Fortunately, the current level of development of medicine and pharmacology allows people with diabetes to live life to the fullest and almost indulge in various pleasures. Tattoo is one of them.
Diabetes mellitus is a general name for many diseases associated with impaired glucose uptake. Today, more than 400 million people have diabetes, and up to half of them do not know about this peculiarity. Is it feasible for people with diabetes to get a tattoo, and if not, then why? This article will try to answer fully and reasonably, but do not forget: before making a decision, you need to consult with your endocrinologist.
Can diabetics get a tattoo?
Common to all subspecies of this disease is impaired blood circulation in the capillaries and, as a result, the blood supply to the skin. Also, immunity is often impaired, the susceptibility to infections increases, and the pain threshold decreases. All this can cause additional difficulties both at the stage of tattooing and then when it will heal.
But do not rush to get upset: not all diabetics strictly prohibit tattoos. There are options for the course of the disease in which they are unacceptable, but there are milder forms of diabetes; in these cases, you and your doctor make the decision.
Diabetes mellitus and tattoos are incompatible if:
- You have type 1 diabetes mellitus with insulin dependence;
- You are taking insulin or other hormones;
- Disease in the stage of decompensation (exacerbation);
- You have had to bleed, have been diagnosed with clotting disorders;
- You have a viral infection or a worsening of another chronic illness;
- You are pregnant.
Less absolute contraindications to tattoos for diabetes mellitus are:
- Concomitant allergies, especially to drugs and metals (pigment contains iron oxide);
- Concomitant herpes and other skin diseases;
- Regularly taking alcohol or strong medications.
What is the effect of getting a tattoo for diabetes:
- During the procedure – intense pain, severe bleeding, severe edema;
- During healing – more prolonged regeneration (up to 2 months longer than usual), high risk of infection and suppuration, distortion of color and pattern.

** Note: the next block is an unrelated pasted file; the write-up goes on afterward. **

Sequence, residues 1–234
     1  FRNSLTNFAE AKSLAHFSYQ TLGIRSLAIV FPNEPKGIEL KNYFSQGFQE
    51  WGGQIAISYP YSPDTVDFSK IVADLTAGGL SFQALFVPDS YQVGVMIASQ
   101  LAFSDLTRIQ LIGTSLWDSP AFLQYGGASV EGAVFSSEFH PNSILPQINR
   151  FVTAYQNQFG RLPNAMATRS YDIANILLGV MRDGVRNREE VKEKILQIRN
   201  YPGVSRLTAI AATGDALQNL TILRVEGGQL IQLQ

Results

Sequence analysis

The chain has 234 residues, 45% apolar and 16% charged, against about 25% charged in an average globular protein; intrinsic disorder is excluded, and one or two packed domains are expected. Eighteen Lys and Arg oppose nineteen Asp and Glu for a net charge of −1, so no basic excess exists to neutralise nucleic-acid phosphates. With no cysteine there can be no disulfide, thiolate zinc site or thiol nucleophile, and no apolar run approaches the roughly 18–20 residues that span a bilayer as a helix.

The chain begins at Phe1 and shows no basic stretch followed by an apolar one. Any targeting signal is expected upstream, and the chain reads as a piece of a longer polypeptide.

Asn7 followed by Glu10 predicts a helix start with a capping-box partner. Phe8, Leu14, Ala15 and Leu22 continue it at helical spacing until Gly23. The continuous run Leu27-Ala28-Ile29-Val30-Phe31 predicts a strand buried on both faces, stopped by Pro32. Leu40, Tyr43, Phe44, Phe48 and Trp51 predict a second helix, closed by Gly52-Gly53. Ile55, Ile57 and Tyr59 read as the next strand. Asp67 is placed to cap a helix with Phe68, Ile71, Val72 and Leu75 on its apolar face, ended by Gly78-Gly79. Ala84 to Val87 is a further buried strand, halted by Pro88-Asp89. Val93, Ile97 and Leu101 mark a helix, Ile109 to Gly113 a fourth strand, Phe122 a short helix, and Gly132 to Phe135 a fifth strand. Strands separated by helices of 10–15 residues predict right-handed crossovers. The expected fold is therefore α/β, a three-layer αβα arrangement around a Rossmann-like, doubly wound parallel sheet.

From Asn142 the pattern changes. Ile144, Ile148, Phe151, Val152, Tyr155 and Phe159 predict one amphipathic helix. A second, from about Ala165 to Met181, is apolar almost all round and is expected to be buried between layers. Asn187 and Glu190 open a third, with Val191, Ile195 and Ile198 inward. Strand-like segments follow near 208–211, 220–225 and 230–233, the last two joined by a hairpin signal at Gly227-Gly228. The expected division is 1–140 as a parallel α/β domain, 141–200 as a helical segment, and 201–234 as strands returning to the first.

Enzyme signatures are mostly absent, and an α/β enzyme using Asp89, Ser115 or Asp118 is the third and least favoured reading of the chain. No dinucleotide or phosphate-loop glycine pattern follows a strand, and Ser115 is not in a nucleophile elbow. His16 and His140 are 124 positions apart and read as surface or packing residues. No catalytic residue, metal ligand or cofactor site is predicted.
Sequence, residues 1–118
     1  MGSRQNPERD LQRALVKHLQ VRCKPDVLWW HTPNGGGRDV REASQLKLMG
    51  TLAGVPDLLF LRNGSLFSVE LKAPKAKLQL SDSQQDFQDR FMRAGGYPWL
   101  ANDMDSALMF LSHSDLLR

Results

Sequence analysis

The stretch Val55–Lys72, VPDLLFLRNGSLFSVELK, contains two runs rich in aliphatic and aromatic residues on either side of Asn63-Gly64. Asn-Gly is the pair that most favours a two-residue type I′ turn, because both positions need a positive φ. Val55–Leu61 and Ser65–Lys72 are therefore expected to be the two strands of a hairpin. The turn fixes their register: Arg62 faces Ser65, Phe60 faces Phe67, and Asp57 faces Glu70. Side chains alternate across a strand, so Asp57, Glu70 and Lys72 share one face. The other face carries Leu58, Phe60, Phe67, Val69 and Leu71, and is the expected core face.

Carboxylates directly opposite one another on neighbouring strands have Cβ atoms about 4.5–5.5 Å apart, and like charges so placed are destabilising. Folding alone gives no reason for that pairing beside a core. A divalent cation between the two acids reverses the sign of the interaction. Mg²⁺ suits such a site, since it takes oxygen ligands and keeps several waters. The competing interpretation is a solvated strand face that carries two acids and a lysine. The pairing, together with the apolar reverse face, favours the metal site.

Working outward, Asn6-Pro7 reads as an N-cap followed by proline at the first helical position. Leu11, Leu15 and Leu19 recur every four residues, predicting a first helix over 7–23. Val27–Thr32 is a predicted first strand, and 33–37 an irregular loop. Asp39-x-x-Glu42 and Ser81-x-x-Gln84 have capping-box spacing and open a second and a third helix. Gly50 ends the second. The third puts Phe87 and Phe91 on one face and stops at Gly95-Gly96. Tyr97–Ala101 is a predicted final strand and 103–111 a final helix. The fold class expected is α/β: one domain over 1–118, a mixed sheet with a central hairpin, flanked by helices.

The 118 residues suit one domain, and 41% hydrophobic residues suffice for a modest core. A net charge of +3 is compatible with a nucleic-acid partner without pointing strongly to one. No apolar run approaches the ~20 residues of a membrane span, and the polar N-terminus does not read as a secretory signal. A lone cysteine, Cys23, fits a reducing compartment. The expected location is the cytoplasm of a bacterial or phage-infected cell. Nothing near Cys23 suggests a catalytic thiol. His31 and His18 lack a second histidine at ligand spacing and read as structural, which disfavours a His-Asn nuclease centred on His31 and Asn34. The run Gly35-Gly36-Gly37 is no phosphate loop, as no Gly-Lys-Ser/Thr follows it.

Not a single competent doctor will immediately answer you in the affirmative to the question of whether people with diabetes can get tattoos. Such a statement is a great responsibility, and a rare physician will be ready to take it upon himself. The reason is quite understandable: even if you have diabetes with type 2 and not type 1, the risk of complications after tattooing is still present.
With a mild course of the disease and a stable blood sugar level, the body can also react violently to such a seemingly harmless procedure. Severe pain that will prevent you from filling the drawing to the end, bleeding, long months of hearing – all this, from the doctor’s point of view, is too high a price for a beautiful drawing on the skin.
But a tattoo is not just a drawing. It’s a way to express yourself, overcome fears, set goals, and even change your life. Surely among those reading these lines, there will be those who want to take the risk by taking all the necessary precautions. The continuation of the article is for them.
Tips for those who still want to go on with drawing tattoo
So, you have listened to the doctor’s opinion, you have no direct contraindications, such as type 1 diabetes, and want a tattoo. There are ways to reduce your risk:
- First and foremost, choose the best salon available to you, where disinfection carries out according to all requirements. Since your body is especially prone to “grab” an infection, do not tempt fate and do not try to save money.
- Tell the expert about your disease and listen to his opinion. Warn you that you may need more sessions if the pain does not allow you to do everything in one go. It is good if the expert has already worked with diabetics and knows what to expect.
- To make it easier for you to transfer the procedure, select a small sketch.
- When pain occurs, the body releases adrenaline, which lowers blood sugar. Bring something sweet with you, just in case.
- Do not cover the area you are using for insulin injections with a tattoo. These are usually the arms, abdomen, and thighs.
- Girls should not get a tattoo during menstruation, as the pain threshold lower these days.
- Do not apply the design to areas where blood circulation is not intense. These are the buttocks, legs, ankles, and feet.